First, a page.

2019 World Market Outlook

Morningstar's Jonathan Miller talks to JPMorgan's Karen Ward about China, the Federal Reserve, world trade and the UK's prospects

Jonathan Miller 7 May, 2019 | 8:30AM
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Jonathan Miller: Hello. We are at the Morningstar Investment Conference in London, and I'm joined today by Karen Ward, Chief Market Strategist for EMEA at JPMorgan Asset Management. Karen, thank you for joining us.

So let's look at the bigger picture around the world. There is quite a lot of negative headlines out there, so when you think about that where actually are the opportunities?

Karen Ward: Well, I think as we're thinking about what caused the downturn last year and I think the big part of that was China. China slowed quite sharply last year, it was self-engineered. Beijing wanted the Chinese economy to slow, but it did turn out with the US trade hostility combined the slowdown was sharper than they had hoped. But the ripples of the Chinese slowdown were felt very broadly and particularly in Europe. So as we look forward, I think it's encouraging to see that the Chinese authorities are restimulating the economy, we're seeing the fruits of that in China itself. Not yet, in Europe, but there is at least a bit of hope that we'll see some upside coming from Beijing.

I suppose the other upside is that the central banks around the world and particularly the Federal Reserve have turned a lot more dovish recently. They are certainly suggesting they are going to be working to try and keep this recovery, keep this expansion going. So, there is some stimulus in the pipeline. The big question we've got whether the geopolitical risk, whether that's the trade hostility or Brexit and other European political issues provide too much of a headwind and that still dampens growth.

Miller: And the US seems to be at the epicentre of these trade wars, now – or the rhetoric around it. Now, what do you think about the US in that regard?

Ward: Well, with regards to the trade agenda there has been some encouraging noises about the negotiations with China, we're yet to see a deal, and how that comprehensive that deal will be. So, until we actually see that signed, I think we should remain a little nervous. There are also some questions about the US-EU trade relationship and whether the US changes its focus towards its trade relationship with the EU, particularly autos. So, that's an area of concern. But with regards to the US economy itself, generally it looks in good health, there aren't too obvious signs of excess or problems, particularly in the household sectors looking very strong indeed, very low unemployment, pretty good savings, right, it looks quite healthy. Although the economy will slow this year because the sugar-rush of the fiscal stimulus is going to fade. But our best guess is that it's slowing and not stalling.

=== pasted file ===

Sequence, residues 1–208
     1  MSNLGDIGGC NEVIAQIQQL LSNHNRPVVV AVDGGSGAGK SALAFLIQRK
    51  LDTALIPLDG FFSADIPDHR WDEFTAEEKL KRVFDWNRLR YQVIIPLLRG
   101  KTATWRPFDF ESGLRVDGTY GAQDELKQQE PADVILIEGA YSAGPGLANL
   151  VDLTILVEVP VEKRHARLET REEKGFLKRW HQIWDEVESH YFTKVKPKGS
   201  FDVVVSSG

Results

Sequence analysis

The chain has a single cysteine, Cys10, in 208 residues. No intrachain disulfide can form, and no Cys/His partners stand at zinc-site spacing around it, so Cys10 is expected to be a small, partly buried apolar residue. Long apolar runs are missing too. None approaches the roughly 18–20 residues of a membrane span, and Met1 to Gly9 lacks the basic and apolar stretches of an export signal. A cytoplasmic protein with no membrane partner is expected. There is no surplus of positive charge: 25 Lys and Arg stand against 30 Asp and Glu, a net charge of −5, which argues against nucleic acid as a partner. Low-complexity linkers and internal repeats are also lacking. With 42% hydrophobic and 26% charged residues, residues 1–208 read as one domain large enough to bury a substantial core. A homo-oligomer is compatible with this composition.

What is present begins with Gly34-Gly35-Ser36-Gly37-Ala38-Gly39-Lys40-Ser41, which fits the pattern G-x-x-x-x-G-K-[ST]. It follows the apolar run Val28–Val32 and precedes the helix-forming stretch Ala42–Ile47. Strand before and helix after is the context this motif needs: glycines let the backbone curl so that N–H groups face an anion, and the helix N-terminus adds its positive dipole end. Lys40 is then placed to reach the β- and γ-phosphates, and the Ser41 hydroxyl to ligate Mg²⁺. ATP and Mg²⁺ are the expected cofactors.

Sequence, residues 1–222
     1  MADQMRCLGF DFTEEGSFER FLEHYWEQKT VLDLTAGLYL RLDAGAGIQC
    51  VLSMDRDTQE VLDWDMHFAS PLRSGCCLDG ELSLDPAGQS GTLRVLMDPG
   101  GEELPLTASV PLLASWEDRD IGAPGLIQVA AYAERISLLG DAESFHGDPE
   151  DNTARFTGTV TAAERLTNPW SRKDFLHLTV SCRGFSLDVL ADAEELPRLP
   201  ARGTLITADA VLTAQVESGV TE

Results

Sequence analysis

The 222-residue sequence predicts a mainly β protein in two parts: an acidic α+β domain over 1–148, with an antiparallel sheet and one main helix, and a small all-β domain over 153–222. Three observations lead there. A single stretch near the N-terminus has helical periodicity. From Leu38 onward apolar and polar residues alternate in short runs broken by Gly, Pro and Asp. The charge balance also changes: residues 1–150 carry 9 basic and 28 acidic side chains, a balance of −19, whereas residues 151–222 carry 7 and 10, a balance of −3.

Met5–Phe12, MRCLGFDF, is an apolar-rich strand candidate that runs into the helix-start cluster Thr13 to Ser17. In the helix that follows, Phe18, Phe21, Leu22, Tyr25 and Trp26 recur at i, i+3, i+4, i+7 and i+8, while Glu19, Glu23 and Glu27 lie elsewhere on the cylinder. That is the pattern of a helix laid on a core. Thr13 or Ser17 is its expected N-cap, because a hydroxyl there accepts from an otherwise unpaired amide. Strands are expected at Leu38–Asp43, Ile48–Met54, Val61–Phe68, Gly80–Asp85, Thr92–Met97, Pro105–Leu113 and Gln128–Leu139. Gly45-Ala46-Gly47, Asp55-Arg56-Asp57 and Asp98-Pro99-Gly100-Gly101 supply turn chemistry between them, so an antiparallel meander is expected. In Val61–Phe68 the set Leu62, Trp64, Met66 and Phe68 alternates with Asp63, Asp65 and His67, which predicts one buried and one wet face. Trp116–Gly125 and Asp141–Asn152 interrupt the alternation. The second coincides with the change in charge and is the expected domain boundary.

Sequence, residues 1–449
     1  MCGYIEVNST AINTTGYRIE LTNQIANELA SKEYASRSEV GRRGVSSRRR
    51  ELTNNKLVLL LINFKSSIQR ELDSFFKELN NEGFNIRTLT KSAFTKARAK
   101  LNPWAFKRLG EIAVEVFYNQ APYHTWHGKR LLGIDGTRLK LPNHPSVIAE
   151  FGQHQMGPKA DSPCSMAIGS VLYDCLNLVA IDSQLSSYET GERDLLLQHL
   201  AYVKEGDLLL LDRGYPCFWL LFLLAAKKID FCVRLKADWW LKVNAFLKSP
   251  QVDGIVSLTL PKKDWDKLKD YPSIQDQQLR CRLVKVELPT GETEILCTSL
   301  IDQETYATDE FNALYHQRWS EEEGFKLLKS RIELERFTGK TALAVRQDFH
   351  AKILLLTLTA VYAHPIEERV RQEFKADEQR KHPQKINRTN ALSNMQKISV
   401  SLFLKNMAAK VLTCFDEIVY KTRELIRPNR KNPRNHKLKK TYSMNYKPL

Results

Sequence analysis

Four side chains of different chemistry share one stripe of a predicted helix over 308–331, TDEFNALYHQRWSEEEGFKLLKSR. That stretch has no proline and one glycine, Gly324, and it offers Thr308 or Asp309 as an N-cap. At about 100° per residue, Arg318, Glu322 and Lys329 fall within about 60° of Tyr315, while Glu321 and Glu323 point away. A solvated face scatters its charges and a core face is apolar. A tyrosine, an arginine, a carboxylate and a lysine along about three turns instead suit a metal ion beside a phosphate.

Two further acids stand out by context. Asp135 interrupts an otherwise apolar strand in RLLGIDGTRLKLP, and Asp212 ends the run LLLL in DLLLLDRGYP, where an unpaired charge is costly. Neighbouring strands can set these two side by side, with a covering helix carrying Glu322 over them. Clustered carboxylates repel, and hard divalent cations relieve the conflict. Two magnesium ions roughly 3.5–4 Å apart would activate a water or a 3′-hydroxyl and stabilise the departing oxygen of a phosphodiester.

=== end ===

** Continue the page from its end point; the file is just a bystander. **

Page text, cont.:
Miller: And close to home in the UK, you know UK stock markets have lagged hugely in the last few years. Where does that leave the UK with Brexit and next steps to markets in terms of where they can go from here?

Ward: Well, the Brexit impasse is going to be very, very difficult to resolve. Ultimately it comes down to how either the conservative party or the labor party can put forward a Brexit agenda that they each agree on or whether there needs to be a general election in order to move to an outcome. I think neither are likely imminently which probably means this ongoing extension of timelines pushing that can further down the road is likely to continue. The problem for the UK is once that uncertainly lingers, it does start to do I think more damage to the economy. We're seeing businesses not invest, they are employing, but they are not investing. And therefore, I think it's going to sort of keep a lid on growth. And also because of that political risk, I think international aversion to UK assets is going to stay, even though at face value UK assets looks extremely cheap.

Miller: OK, Karen, thank you for your time. From the Morningstar Investment Conference, thank you for watching.

This article is part of Morningstar's special report on What the Experts Say

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Jonathan Miller  is Director of Manager Research, Morningstar UK

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